Labor court wrong to say woman with menopause symptoms was not disabled
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In only the second workplace menopause appeal decision, the EAT ruled that an employment tribunal erred in ruling that a woman suffering from a wide range of menopause symptoms affecting his daily life was not handicapped for the purposes of labor law.
What happened in this case?
Ms Rooney worked as a social worker for Leicester City Council. In August 2017, she started suffering from a wide range of menopausal symptoms including hot flashes, palpitations, night sweats, insomnia, fatigue, dizziness, confusion, difficulty concentrating, memory loss, depression, anxiety, loss of confidence, urinary problems and headaches. Ms Rooney felt helpless and resigned on October 29, 2018. A few months later, her lawyers filed a complaint with the labor court alleging a constructive dismissal. On the claim form, her lawyers admitted that she was not disabled due to her menopausal symptoms.
However, Ms Rooney said her lawyers made the concession without her permission. She dismissed them and, the next day, filed a second complaint with the Labor Court, alleging discrimination, harassment and victimization on the basis of disability and / or gender. These allegations related to allegations of mistreatment by the Council of her symptoms of menopause, including:
- the Council did not respond to her request to be seen by a woman specialist in occupational health, which embarrassed her;
- the Council did not take his condition into account when it decided to issue a written warning concerning his absence due to illness;
- she was forced to discuss her situation in front of four male colleagues during an internal appeal hearing, again, which embarrassed her;
- a male manager downplayed the fact that she suffered from hot flashes by comparing it to the fact that he was also hot in the office; and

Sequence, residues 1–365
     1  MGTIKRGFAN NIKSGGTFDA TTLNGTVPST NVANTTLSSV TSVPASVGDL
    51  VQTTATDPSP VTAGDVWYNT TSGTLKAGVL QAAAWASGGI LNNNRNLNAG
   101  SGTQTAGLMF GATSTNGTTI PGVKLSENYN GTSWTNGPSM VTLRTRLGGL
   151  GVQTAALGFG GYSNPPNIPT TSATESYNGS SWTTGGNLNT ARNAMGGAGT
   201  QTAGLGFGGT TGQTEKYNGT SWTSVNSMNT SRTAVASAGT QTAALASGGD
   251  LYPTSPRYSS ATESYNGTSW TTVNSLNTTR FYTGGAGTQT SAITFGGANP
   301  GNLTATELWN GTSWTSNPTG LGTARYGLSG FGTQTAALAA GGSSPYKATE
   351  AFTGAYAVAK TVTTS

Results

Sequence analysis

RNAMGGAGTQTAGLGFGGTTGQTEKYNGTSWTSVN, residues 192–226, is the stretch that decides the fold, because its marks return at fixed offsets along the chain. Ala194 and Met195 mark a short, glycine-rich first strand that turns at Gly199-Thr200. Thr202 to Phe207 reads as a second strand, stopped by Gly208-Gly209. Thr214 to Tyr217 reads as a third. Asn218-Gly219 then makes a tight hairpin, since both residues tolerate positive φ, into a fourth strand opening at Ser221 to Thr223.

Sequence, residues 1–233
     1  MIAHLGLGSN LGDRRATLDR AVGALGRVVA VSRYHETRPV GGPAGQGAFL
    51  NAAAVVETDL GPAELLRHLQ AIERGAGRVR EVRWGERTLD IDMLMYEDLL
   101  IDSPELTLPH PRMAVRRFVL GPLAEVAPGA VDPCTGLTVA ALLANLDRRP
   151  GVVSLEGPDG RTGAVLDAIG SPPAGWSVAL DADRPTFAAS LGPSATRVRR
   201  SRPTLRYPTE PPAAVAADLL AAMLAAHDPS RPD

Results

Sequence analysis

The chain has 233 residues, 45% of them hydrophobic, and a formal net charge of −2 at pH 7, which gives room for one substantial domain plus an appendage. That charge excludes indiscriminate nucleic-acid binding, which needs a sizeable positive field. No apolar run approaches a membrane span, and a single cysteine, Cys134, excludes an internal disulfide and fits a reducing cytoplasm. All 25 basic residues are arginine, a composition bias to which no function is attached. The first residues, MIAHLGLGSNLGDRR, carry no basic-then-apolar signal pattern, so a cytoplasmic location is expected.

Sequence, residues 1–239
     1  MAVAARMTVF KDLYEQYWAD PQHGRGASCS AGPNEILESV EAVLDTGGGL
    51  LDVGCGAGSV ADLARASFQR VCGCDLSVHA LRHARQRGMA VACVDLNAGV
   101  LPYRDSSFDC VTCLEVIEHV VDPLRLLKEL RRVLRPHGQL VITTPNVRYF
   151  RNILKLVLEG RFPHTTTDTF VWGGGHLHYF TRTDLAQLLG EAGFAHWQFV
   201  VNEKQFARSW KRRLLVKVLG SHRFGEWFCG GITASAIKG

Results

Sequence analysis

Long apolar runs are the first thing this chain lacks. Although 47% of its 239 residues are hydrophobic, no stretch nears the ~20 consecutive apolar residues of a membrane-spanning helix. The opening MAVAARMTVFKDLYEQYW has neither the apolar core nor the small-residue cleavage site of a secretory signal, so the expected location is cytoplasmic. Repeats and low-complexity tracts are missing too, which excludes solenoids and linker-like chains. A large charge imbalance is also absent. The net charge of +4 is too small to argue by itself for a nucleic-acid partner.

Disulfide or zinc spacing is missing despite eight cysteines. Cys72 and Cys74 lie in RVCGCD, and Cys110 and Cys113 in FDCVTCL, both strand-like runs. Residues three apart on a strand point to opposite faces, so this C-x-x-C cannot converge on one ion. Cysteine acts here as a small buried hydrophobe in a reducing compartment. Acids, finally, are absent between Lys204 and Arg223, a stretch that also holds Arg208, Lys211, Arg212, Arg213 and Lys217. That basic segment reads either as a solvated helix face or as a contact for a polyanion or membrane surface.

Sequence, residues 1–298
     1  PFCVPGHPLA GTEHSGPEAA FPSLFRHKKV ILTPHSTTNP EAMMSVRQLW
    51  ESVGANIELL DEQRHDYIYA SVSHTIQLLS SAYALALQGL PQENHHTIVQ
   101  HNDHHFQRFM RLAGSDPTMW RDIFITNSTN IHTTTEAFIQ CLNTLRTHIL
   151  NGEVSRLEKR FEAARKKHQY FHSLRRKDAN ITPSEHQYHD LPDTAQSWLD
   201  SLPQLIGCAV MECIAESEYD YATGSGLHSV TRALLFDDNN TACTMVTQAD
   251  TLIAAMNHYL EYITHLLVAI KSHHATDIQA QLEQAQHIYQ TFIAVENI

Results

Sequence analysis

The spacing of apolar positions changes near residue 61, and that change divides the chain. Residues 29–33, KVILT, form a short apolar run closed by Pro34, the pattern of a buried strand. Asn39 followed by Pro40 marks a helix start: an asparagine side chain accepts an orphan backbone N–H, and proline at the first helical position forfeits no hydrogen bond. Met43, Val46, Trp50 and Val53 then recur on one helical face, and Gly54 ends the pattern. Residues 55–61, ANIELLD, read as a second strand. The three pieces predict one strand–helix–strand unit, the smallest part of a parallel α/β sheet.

- the Council did not make reasonable adjustments for her.
Ms Rooney requested that the first request be amended to remove the statement that she was not disabled. However, at a preliminary hearing, a labor judge ruled that Ms Rooney was not disabled due to her menopausal symptoms. As a result, his claims of discrimination on the basis of disability, harassment and victimization were all dismissed. The judge also struck out the allegations of sex discrimination, harassment and victimization because they had no reasonable chance of success. Ms. Rooney appealed to the Employment Appeal Tribunal.
What has been decided?
The EAT ruled that the Tribunal was wrong to say that Ms. Rooney was not disabled. The judge had erred in considering what Ms. Rooney could do, instead of focusing, as he should have been, on what she couldn’t do. It was also wrong to conclude that his menopausal symptoms had only a minor or insignificant effect on his daily activities. The Tribunal accepted the evidence that she suffered from a wide range of symptoms that led her to:
- forgetting to attend appointments and events;
- lose personal effects;
- forgetting to take safety precautions when driving (such as applying the handbrake);
- forget to turn off appliances such as the oven and iron;
- forgetting to lock the door when leaving the house; and
- spending long periods in bed due to fatigue.